I resolved to do everything I could to be able to run that race, and I started spending hours each day in the gym. Three days before the race, I went back to see my doctor. If he said I absolutely couldn’t run, then I was going to walk the entire 26.2-mile course, even if it took me all day. During my cross-training, I diligently kept track of how long I trained, the time of day and what my pain felt like. And for the last three days before my appointment, I hadn’t felt any pain at all.

My doctor said, “I see you’re determined to do this. Go run a few miles and see how you feel.” So that night I went for a run. It was the first time I’d run since my injury, and it really hurt. But I was committed to starting the race in two days.

Reconnected on Race Day

Fred and I are standing at the starting line in a crowd of other runners. I’m more nervous and scared than excited. How long will I be able to run before it starts to hurt? I’m determined to finish, but how long will it take me? Will Fred have to leave me behind? The starting gun sounds and we take off. As we cover the course, I remember what my doctor said: “You can run some, but make sure you walk when you need to.” I’m setting a good pace for me, but I keep waiting for the pain. It doesn’t come.

Still, I slow down to walk around mile 17. I tell Fred to go on ahead, and he runs past me. I keep walking by myself. After about a mile, I see Fred’s wife. She tells me he’s not that far ahead – I can catch up. I start to run again, and in a few minutes I reach him. We decide then that we’re going to finish the race together, side by side. The last few miles drag by. Fred and I run, then walk; run, then walk. I feel like it’s never going to be over! It’s only when I cross the finish line that I let myself feel the excitement. My childhood dream has come true!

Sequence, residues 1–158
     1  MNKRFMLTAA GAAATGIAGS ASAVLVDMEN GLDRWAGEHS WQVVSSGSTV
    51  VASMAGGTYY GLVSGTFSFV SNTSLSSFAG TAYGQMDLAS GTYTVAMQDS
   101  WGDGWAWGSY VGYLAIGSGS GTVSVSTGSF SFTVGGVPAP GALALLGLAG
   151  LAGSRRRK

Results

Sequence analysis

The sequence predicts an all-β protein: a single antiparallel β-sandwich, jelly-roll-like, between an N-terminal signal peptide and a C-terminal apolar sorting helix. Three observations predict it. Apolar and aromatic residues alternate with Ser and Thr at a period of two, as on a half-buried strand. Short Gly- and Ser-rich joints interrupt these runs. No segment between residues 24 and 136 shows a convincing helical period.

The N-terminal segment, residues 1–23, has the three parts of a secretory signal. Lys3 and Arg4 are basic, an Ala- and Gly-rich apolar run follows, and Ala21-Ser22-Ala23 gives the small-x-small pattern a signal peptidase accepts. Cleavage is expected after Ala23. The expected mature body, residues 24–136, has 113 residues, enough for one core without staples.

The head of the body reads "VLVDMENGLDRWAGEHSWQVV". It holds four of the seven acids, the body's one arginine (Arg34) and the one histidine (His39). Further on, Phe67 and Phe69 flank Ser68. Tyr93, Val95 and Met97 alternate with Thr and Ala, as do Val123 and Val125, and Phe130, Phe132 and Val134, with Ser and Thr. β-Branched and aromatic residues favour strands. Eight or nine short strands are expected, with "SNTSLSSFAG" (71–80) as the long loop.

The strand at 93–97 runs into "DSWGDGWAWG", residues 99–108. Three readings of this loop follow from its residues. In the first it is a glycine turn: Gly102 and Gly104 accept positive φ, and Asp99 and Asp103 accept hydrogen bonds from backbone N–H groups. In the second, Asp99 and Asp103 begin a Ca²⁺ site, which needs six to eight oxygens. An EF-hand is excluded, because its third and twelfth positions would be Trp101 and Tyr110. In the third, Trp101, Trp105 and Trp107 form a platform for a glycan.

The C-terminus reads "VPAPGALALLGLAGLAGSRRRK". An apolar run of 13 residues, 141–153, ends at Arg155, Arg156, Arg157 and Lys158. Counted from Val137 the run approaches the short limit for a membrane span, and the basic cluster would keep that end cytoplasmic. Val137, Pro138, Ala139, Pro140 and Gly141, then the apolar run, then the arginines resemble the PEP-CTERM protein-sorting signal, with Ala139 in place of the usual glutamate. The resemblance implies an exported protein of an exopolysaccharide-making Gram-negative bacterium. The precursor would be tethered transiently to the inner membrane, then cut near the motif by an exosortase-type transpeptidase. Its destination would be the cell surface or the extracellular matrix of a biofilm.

Beyond the Finish Line

I immediately started making plans for my next race, though I knew I’d have to take some time off to truly let my body recuperate. Running before my stress fracture was fully healed meant I wound up with a much longer recovery period – but it was worth it.

I approach both running and living differently now. Before I ran this race, I had a huge chip on my shoulder and constantly felt like I had to prove myself to everyone. But instead of proving to others that I could run a marathon, I wound up showing myself that I can make my dreams come true, whatever obstacles are in my way. I’ve learned how to face setbacks without letting them define me. I’m not just a runner with arthritis. That’s only one part of my identity. I know now I can relax and be myself – and achieve anything I set my heart on.

Fred and I are planning to turn our next marathon together in November into a real race. We’ve already agreed that we won’t wait for each other – it’s going to be every man for himself.  Even if I cross the finish line by myself, though, I’m not crossing it alone. The words and encouragement of my friends, family, co-workers and running buddies will be playing through my mind for every step of the 26.2 miles, helping me push myself go farther and faster. For all these years I thought I was alone in my struggle with arthritis and my life was essentially over. Crossing the finish line of my first marathon made me realize that this is just the start.

The author of this juvenile arthritis story, Ericka Umbarger, holds a master of social work and is a counselor at the Choice Group in Richmond, Va. She has served on a local Arthritis Foundation board in Virginia.